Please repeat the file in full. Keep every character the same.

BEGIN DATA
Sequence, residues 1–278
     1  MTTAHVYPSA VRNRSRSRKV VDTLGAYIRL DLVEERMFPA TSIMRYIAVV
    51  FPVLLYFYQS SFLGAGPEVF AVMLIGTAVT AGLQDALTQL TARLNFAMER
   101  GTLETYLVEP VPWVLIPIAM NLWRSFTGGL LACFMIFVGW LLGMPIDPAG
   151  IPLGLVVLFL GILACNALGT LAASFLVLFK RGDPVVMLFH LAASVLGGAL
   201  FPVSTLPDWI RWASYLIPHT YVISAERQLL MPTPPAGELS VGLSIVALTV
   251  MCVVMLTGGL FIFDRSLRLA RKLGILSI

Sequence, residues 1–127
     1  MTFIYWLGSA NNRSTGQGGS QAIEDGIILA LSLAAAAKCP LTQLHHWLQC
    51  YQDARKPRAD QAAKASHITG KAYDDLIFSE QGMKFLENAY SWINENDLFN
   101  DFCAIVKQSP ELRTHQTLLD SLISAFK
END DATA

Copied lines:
Sequence, residues 1–278
     1  MTTAHVYPSA VRNRSRSRKV VDTLGAYIRL DLVEERMFPA TSIMRYIAVV
    51  FPVLLYFYQS SFLGAGPEVF AVMLIGTAVT AGLQDALTQL TARLNFAMER
   101  GTLETYLVEP VPWVLIPIAM NLWRSFTGGL LACFMIFVGW LLGMPIDPAG
   151  IPLGLVVLFL GILACNALGT LAASFLVLFK RGDPVVMLFH LAASVLGGAL
   201  FPVSTLPDWI RWASYLIPHT YVISAERQLL MPTPPAGELS VGLSIVALTV
   251  MCVVMLTGGL FIFDRSLRLA RKLGILSI

Sequence, residues 1–127
     1  MTFIYWLGSA NNRSTGQGGS QAIEDGIILA LSLAAAAKCP LTQLHHWLQC
    51  YQDARKPRAD QAAKASHITG KAYDDLIFSE QGMKFLENAY SWINENDLFN
   101  DFCAIVKQSP ELRTHQTLLD SLISAFK